>The pronouncement came from the US Department of Labor’s Employee Benefits Security Administration (EBSA), which released Field Assistance Bulletin (FAB) 2004-03 providing guidance to field investigators on the responsibilities of ERISA directed trustees. The FAB was a response to Groom Law Group Chartered’s advisory opinion request filed by Stephen M. Saxon and Jon W. Breyfogle, on behalf of a dozen banks and other financial institutions early in 2004. The request was endorsed by the American Bankers Association.
>As they did in a legal brief the DoL filed in the Enron case, DoL officials said in the document released Friday that a directed trustee not only must carry out its duties prudently, they also must act solely in the interest of the participants and beneficiaries of employee benefit plans.
>In the Enron brief, the DoL made assertions about the charges leveled in a suit over Enron’s giant retirement plan losses against Northern Trust, which was both trustee and recordkeeper for the Enron plan. The Northern Trust charges, DoL wrote, were “sufficient to state a claim that Northern Trust had a duty to act, even if it was acting as a ‘directed trustee’ in this matter, as it claims” (See Divining Line ).
>The Field Assistance Bulletin also makes clear that the named fiduciary, not the directed trustee, is primarily responsible for ensuring the prudence of plan investment decisions. A directed trustee is only required to question the directing fiduciary’s instructions regarding transactions involving publicly traded securities in rare circumstances, the DoL said.
>Acknowledging that the duties of a directed trustee under section 403(a)(1) are significantly narrower than the duties generally ascribed to a discretionary trustee under common law trust principles, the FAB goes on to caution that, “Under section 403(a)(1), a directed trustee is subject to proper directions of a named fiduciary. For purposes of section 403(a)(1), a direction is proper only if the direction is “made in accordance with the terms of the plan” and “not contrary to the Act [ERISA].” Accordingly, when a directed trustee knows or should know (emphasis added) that a direction from a named fiduciary is not made in accordance with the terms of the plan or is contrary to ERISA, the directed trustee may not, consistent with its fiduciary responsibilities, follow the direction.” The “should have known” language appeared in the Enron brief, and has been challenged by the American Bankers Association as being drawn from general trust law, rather than ERISA.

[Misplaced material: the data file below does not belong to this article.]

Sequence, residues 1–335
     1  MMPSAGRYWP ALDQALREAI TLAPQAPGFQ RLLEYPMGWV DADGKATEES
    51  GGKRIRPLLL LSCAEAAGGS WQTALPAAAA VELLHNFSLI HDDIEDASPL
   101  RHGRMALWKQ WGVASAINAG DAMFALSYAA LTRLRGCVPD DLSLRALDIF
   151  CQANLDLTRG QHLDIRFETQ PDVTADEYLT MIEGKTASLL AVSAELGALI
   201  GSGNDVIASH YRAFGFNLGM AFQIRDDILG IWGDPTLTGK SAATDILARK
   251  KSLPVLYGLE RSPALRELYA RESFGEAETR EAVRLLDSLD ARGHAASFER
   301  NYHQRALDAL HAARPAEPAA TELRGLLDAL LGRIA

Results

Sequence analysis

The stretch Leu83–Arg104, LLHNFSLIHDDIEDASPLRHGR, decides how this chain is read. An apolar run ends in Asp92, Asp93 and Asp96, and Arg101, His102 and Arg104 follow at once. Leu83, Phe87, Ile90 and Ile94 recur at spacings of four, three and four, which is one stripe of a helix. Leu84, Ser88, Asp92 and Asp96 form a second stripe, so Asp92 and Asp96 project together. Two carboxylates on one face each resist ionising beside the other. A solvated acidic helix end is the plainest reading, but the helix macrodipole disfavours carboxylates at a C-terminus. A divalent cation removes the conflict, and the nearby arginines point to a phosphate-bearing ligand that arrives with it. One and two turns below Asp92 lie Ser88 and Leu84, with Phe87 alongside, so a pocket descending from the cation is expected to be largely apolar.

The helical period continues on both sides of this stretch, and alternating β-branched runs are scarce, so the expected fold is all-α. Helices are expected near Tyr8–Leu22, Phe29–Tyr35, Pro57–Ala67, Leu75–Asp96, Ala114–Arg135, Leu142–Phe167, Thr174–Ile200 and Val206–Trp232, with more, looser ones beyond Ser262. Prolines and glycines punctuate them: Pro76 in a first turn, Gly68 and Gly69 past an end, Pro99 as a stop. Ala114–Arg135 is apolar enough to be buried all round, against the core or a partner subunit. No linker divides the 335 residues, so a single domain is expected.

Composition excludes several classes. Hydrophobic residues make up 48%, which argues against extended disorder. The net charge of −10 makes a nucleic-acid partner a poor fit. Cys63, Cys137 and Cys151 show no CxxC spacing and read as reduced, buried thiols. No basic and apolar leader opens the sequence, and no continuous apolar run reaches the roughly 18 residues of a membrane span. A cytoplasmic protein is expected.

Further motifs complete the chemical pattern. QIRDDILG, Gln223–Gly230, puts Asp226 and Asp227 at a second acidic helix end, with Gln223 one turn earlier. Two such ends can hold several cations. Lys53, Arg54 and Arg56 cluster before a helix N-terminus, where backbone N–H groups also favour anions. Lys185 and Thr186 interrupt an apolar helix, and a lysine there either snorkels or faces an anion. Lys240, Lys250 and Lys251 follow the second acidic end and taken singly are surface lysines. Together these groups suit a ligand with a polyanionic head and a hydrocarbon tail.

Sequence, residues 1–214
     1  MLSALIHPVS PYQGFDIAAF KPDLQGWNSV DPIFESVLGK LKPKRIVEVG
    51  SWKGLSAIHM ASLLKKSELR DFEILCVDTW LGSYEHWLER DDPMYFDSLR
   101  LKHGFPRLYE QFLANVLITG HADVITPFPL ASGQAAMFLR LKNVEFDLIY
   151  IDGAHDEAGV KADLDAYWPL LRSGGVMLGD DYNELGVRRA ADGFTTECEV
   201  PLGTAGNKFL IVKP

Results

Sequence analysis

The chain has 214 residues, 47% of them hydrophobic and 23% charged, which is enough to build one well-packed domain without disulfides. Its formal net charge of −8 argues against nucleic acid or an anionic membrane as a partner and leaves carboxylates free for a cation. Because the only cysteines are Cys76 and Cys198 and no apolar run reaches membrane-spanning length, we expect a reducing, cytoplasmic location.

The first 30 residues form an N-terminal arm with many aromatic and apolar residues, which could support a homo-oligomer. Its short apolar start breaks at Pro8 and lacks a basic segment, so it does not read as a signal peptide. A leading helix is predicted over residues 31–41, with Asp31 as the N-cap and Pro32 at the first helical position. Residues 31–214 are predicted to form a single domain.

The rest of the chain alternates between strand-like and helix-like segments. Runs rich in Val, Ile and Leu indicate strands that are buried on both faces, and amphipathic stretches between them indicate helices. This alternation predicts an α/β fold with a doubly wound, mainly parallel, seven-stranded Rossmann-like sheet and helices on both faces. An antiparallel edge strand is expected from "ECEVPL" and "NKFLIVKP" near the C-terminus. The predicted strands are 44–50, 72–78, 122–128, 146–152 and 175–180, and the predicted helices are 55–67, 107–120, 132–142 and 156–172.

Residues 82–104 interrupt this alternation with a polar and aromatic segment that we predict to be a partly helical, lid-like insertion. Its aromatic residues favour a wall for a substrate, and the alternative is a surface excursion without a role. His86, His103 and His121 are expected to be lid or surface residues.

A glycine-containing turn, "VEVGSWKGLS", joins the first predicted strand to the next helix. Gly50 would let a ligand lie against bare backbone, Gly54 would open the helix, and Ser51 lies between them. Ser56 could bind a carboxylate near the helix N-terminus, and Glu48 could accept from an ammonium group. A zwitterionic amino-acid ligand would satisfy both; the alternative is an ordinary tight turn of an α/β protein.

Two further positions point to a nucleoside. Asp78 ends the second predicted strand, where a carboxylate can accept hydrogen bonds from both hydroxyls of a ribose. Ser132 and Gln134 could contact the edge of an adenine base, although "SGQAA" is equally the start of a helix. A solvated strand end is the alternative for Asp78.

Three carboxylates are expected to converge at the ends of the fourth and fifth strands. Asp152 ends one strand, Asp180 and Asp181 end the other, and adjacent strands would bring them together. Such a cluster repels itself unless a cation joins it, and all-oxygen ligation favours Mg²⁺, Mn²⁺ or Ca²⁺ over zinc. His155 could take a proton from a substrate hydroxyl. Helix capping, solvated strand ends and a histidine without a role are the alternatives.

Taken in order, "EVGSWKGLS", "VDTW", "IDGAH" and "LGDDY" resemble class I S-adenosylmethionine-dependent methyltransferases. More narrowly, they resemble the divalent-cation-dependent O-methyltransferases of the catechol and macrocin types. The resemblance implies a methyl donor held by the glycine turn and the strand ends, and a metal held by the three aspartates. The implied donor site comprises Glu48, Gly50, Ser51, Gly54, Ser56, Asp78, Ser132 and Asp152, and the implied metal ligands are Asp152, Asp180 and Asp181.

>The FAB does, however, note that a directed trustee may rely on the representations of the directing fiduciary unless the directed trustee knows that the representations are false. The bulletin specifically addresses the responsibilities of a directed trustee in deciding whether a direction is “proper” – consistent with the terms of the plan and not contrary to ERISA. For example, DoL stated that information provided to a named fiduciary concerning the prudence of a direction is not investment advice for purposes of ERISA §3(21)(A)(ii). Similarly, if a named fiduciary changes a direction in response to a directed trustee’s inquiries or information, the directed trustee’s fiduciary responsibility with respect to the changed direction remains governed by section 403(a)(1). The directed trustee does not become primarily responsible for the prudence of the direction, DoL said.